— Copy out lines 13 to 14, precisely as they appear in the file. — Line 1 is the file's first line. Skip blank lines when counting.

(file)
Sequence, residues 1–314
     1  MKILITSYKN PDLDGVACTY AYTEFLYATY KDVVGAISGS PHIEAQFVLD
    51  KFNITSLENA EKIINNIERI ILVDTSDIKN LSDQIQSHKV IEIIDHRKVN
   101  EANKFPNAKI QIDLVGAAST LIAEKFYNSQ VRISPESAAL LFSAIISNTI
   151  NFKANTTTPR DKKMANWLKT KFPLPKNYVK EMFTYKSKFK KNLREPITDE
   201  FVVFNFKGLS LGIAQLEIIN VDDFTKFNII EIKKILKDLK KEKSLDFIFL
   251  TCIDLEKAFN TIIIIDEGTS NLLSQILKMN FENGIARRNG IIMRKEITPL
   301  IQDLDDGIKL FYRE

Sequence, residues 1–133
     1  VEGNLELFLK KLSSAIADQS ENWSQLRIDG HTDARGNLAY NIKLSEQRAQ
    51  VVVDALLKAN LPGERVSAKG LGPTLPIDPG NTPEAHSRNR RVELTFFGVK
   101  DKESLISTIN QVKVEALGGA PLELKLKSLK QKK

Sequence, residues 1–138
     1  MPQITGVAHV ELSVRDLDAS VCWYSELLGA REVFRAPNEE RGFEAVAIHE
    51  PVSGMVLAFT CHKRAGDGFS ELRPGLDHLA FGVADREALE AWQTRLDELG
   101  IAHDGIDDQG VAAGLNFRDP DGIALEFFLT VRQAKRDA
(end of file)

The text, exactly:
Sequence, residues 1–138
     1  MPQITGVAHV ELSVRDLDAS VCWYSELLGA REVFRAPNEE RGFEAVAIHE